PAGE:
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I am new to javascript, i am trying to make a small site with two HTML pages (A and B) and a global js file.

So lets say i have selected certain items in page A, the list-preview on Page A gets updated. But if i want to see the list in detail i have to go to page B.

Page A and B bith use the same .js file, the selected items are saved in a array.

How do i make sure the selected items still stay in the array, and the array doesn't get flushed when i go from page A to page B ?

what i thought of was ...

var selectedProductsName = new Array();

in OwnJS.js the adding items to the preview list works. i'm only struggling to keep the array unflushed when i go to page B from page A.

share|improve this question
You can't. That JS file will be reloaded when loading each page, so the array gets reset. You can store the info in localStorage or sessionStorage to persist it, or use a backend. – tymeJV Apr 2 '14 at 17:55
Another option would be to serialize the array and put it in a hidden field (for browsers that don't support localStorage and sessionStorage) – ElGavilan Apr 2 '14 at 18:01
up vote 1 down vote accepted

HTML5 introduces a new thing called localStorage. It's basically some kind of storage that is persistent between all pages of your website as well as between user sessions. It can be accessed as a simple key/value store:

var selectedProductsName = localStorage.getItem("selectedProductsName");

And to set:

localStorage.setItem("selectedProductsName", []);

Here's an article about getting started with localStorage, if you want to be able to do more things like checking browser compatibility for localStorage and watching the storage event, among others.

share|improve this answer
do i still have to define it as a array() ? – MrMe TumbsUp Apr 2 '14 at 18:01
Check out this stackoverflow question on using array literals ([]) vs the new keyword. Basically it's preferred to use the literal [] (and, for objects: {}) over the new keyword. – Michael Tang Apr 2 '14 at 18:06
so i read about localStorage abit and it seems that it can only storage STRINGS. i would have to use JSON.stringify() and JSON.parse() if i wanted to use arrays – MrMe TumbsUp Apr 2 '14 at 20:00
That should be fine, unless you're storing functions in the array (which, if you are trying to save functions to localStorage, shame on you). – Michael Tang Apr 2 '14 at 21:39

You could use the HTML5 local storage. It lets you tell the browser to save data on the user's machine. (There's also session storage, valid only for the current session.) Save (in Apply.html)

.fields(["id", "firstName", "lastName", "pictureUrl","headline","industry","location:(name)","positions:(title)","emailAddress"])
  .result(function(result) {
      profile = result.values[0];

      // save all keys to local storage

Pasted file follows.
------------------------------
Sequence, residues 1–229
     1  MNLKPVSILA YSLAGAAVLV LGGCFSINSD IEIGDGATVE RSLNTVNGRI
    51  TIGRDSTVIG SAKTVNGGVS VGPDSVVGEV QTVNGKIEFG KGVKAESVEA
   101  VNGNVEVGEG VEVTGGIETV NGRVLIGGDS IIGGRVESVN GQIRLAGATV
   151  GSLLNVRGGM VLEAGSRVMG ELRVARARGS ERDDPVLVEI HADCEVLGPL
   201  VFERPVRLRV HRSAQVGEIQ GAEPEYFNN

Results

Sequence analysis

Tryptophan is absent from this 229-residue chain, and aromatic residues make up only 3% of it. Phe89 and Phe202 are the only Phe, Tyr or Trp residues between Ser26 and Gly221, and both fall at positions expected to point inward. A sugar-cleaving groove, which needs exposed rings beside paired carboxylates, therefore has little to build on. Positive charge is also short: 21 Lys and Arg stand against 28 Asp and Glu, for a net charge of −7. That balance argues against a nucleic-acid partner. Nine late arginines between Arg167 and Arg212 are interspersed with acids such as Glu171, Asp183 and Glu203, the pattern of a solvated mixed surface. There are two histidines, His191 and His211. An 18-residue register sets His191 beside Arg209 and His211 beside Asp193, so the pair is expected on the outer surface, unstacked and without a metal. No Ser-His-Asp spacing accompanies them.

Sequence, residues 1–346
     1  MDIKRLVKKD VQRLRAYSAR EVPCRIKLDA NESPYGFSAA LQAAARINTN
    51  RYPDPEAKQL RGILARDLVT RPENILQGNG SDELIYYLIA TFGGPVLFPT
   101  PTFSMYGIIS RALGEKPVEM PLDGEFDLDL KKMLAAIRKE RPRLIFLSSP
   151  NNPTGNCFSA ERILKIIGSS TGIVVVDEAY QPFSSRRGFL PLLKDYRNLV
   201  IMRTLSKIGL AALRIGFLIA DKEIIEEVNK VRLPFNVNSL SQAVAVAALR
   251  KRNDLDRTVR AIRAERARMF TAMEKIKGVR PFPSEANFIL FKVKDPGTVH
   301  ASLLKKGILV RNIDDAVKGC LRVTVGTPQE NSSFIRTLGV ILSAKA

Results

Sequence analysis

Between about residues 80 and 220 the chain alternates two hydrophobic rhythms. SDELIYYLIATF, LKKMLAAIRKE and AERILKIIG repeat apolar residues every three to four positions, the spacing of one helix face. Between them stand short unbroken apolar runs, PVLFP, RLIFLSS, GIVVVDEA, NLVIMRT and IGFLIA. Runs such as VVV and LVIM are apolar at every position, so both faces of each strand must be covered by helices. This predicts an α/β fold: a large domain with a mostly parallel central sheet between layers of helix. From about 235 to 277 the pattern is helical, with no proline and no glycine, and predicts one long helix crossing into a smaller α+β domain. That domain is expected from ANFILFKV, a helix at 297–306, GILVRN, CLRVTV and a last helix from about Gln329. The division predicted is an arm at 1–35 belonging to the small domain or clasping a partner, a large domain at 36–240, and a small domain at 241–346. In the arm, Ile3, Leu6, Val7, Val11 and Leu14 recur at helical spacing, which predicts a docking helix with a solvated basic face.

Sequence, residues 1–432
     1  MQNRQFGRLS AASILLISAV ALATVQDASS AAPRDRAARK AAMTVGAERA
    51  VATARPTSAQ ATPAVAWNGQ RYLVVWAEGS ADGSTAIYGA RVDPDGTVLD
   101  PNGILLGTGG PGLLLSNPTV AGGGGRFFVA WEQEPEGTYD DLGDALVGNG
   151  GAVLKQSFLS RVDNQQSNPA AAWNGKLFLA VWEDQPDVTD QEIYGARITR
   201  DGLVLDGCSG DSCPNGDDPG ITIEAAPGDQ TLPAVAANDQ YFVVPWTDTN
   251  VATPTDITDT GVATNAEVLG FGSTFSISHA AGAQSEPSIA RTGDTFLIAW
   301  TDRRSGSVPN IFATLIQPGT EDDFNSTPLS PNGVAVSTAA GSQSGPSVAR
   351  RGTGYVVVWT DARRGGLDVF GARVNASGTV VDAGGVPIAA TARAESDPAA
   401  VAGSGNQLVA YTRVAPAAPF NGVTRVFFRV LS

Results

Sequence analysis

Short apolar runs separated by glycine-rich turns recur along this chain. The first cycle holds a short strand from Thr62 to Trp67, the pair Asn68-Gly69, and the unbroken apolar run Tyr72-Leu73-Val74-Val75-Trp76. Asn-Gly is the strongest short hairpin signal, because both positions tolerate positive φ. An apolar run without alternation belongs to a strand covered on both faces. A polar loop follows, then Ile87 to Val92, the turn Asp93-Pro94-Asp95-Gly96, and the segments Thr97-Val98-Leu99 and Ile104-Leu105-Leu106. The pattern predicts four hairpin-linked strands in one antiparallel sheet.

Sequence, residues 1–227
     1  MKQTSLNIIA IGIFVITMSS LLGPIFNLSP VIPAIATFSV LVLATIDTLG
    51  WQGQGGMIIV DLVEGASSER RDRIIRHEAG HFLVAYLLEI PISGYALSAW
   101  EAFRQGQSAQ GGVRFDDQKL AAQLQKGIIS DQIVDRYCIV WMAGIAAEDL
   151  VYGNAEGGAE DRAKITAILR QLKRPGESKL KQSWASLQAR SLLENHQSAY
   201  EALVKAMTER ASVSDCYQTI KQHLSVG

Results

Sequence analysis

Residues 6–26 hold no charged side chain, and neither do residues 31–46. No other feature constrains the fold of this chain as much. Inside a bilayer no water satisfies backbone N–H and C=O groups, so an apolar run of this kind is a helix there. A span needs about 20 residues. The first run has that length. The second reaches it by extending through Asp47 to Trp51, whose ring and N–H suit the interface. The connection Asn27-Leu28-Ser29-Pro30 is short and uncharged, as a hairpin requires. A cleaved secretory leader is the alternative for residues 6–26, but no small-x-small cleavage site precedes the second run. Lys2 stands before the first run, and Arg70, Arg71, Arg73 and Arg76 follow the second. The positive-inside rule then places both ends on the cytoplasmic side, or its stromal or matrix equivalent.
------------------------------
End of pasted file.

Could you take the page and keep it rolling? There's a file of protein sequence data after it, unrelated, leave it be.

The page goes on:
for (f in profile) localStorage[f] = fields[f];

      // more stuff ...

to Retrieve (in personal_Info.html)

// retrieve first name from local storage
var firstName = localStorage["firstName"];
if (firstName !== undefined) {
    $("#textfield1").attr(value, firstName);
share|improve this answer

Source Page The Source Page has an HTML Button with a jQuery Click event handler. When the Button is clicked, the values of the Name TextBox and the Technology DropDownList is set as QueryString Parameter and then the page is redirected to the Destination page (Page2.htm).

<input type="button" id="btnQueryString" value="Send" />
<script type="text/javascript">
    $(function () {
        $("#btnQueryString").bind("click", function () {
            var url = "Page2.htm?name=" + encodeURIComponent($("#txtName").val()) + "&technology=" + encodeURIComponent($("#ddlTechnolgy").val());
            window.location.href = url;

Destination Page On the Destination page (Page2.htm), inside the jQuery Page Load event handler the URL of the page is first checked to determine whether it has some QueryString Parameters being received, this is done by checking the property. If it has some QueryString Parameters then loop is executed and each QueryString Key and Value Pair is inserted in an Array and finally the values are displayed on the page using the HTML span.

<script type="text/javascript">
    var queryString = new Array();
    $(function () {
        if (queryString.length == 0) {
            if ('?').length > 1) {
                var params ='?')[1].split('&');
                for (var i = 0; i < params.length; i++) {
                    var key = params[i].split('=')[0];
                    var value = decodeURIComponent(params[i].split('=')[1]);
                    queryString[key] = value;
        if (queryString["name"] != null && queryString["technology"] != null) {
            var data = "<u>Values from QueryString</u><br /><br />";
            data += "<b>Name:</b> " + queryString["name"] + " <b>Technology:</b> " + queryString["technology"];
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